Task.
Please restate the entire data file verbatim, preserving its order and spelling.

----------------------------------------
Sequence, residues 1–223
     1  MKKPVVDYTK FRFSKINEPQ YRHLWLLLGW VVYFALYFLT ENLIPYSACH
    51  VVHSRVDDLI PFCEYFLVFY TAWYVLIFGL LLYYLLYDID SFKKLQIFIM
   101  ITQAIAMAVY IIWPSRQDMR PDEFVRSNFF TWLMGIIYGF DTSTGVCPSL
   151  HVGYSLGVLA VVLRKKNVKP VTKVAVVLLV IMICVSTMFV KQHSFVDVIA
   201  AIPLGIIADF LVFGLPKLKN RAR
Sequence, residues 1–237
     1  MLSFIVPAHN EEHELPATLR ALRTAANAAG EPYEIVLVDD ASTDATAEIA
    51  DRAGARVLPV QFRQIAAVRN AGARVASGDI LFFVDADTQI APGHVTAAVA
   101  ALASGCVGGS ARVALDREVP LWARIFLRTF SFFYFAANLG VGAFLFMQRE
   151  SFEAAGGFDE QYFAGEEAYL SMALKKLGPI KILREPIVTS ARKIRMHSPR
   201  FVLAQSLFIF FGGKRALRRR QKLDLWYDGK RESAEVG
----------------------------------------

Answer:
Sequence, residues 1–223
     1  MKKPVVDYTK FRFSKINEPQ YRHLWLLLGW VVYFALYFLT ENLIPYSACH
    51  VVHSRVDDLI PFCEYFLVFY TAWYVLIFGL LLYYLLYDID SFKKLQIFIM
   101  ITQAIAMAVY IIWPSRQDMR PDEFVRSNFF TWLMGIIYGF DTSTGVCPSL
   151  HVGYSLGVLA VVLRKKNVKP VTKVAVVLLV IMICVSTMFV KQHSFVDVIA
   201  AIPLGIIADF LVFGLPKLKN RAR
Sequence, residues 1–237
     1  MLSFIVPAHN EEHELPATLR ALRTAANAAG EPYEIVLVDD ASTDATAEIA
    51  DRAGARVLPV QFRQIAAVRN AGARVASGDI LFFVDADTQI APGHVTAAVA
   101  ALASGCVGGS ARVALDREVP LWARIFLRTF SFFYFAANLG VGAFLFMQRE
   151  SFEAAGGFDE QYFAGEEAYL SMALKKLGPI KILREPIVTS ARKIRMHSPR
   201  FVLAQSLFIF FGGKRALRRR QKLDLWYDGK RESAEVG